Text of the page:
We’ve all done it in the past, where we started tinkering with the navigation, filtering entities based on permissions, removing entire areas from the navigation, and tinkering with user roles and hiding aspects of the platform.

Well, welcome to a new world of apps. What started with mobile, where “there’s an app for that”, now find it’s home in Dynamics 365 CE also. Microsoft gave us the tone, with the Sales and Customer Service apps, and gave us the tools to roam free.

We can now use the very visual App Designer to create our own very specialized apps. And the beauty, it follows the same configurable model as any other configuration on the platform.

NOTE that, while you have the ability to configure new apps in both a solution file or directly in the core solution, you should really try to stick with using solutions.

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With all the focus on the Dynamics 365 Customer Engagement naming, the split into Dynamics 365 for Sales and Dynamics 365 for Customer Service, with or without Marketing, and all the licensing implications and additional functional packages, this is a question that came out of the blue and caught me a little off-guard. While I’m still working on a few on-premise instances, all the licensing discussions lately have been around the online model. As such, maybe I haven’t paid enough attention to versioning for on premise, my bad.

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While Relevance Search was added on version 8.2 of Dynamics 365 at the end of 2016, it came as part of a recent discussion when a SharePoint resource asked me about something similar to the old Search Server (MSS) or SharePoint Search, but in CRM. Namely, he was asking about the ability to have result filters based on specific record properties. Remember this?

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As we’ve looked at CDS in these previous articles Creating your first Common Data Service (CDS) database and How to import .csv data into CDS, let’s bring it back home and see one way to bring data from your Dynamics 365 Customer Engagement into CDS. We’re looking at Flow now.

We can use Flow for both importing and exporting data with CDS. In addition, we can use it for both standard and custom entities. As for sources, the list of connectors is continuously growing. What does that mean? We can actually synchronize data between various application using CDS.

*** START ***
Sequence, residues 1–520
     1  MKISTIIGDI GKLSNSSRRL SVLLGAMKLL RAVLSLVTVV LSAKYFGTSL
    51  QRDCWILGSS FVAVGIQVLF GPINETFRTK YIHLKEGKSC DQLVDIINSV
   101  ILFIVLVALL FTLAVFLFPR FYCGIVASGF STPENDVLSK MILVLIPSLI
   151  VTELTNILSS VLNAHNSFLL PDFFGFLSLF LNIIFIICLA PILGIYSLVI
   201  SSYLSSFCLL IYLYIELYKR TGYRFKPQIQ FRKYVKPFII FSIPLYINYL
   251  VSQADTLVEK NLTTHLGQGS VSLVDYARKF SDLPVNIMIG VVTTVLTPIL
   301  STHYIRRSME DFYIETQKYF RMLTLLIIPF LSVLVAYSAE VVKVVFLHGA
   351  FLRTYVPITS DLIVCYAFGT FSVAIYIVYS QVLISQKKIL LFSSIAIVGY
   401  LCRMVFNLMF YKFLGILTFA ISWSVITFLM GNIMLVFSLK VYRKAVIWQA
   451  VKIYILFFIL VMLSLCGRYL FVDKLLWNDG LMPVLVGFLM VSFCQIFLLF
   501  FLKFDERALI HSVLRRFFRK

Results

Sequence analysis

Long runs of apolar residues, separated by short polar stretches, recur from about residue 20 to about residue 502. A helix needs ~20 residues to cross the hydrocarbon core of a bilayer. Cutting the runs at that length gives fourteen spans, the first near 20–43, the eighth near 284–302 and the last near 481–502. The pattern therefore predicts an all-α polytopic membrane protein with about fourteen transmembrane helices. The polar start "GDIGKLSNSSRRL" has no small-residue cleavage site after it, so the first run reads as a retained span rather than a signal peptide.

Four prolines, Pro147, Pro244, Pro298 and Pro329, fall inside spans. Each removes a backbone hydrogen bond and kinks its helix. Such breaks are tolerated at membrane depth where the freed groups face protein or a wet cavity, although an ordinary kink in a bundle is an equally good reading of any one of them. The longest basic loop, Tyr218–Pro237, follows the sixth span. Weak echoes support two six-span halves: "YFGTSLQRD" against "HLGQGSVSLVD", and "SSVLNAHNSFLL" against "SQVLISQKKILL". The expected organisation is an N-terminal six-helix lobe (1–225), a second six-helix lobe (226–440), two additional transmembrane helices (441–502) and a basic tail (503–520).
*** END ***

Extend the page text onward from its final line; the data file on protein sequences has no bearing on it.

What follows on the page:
Note that, while we’re doing this, we’re following a typical scheduled ETL flow. This is not a synchronization service. One of the biggest differences is the fact that no deletes are supported. We can create records, update records, but have no ability to capture delete.

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It’s been a while since I’ve actually done any administration, and I just had a question stump me for a second: How can I determine which roles have a specific privilege? Well, the question was a little more specific, but this pretty much captures the idea.

Leveraging the out of the box functionality, this can an intensive process, especially if you have a rather larger number of custom security roles. And since you should be creating your own custom roles, this is the case in larger implementations.

Luckily I vaguely seemed to remember reading about something like that not too long ago. And it was in the context of the XrmToolBox. This had grown over the years into a nice collection of tools, sort of like the “Swiss army knife” for xRM. Once you get one, the next model is thicker, with more features.
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As we’ve seen in the previous articles on How to work with Power BI in Dynamics 365 for Sales and Service as well as How to work with Power BI in Dynamics 365 for Sales and Service–Part 2, we can leverage the existing content packs to simplify our data presentation for the Sales and Service modules in Dynamics 365. And that works fine if your requirements conform to what’s already built in those content packs. But most of the time that’s not necessarily the case.

Let’s have a look at how you can work with Dynamics 365 Customer Engagement data in Power BI from scratch. We’re going to be doing this from Power BI desktop. If you don’t have it installed on your machine, grab it from the Microsoft Store or from here.
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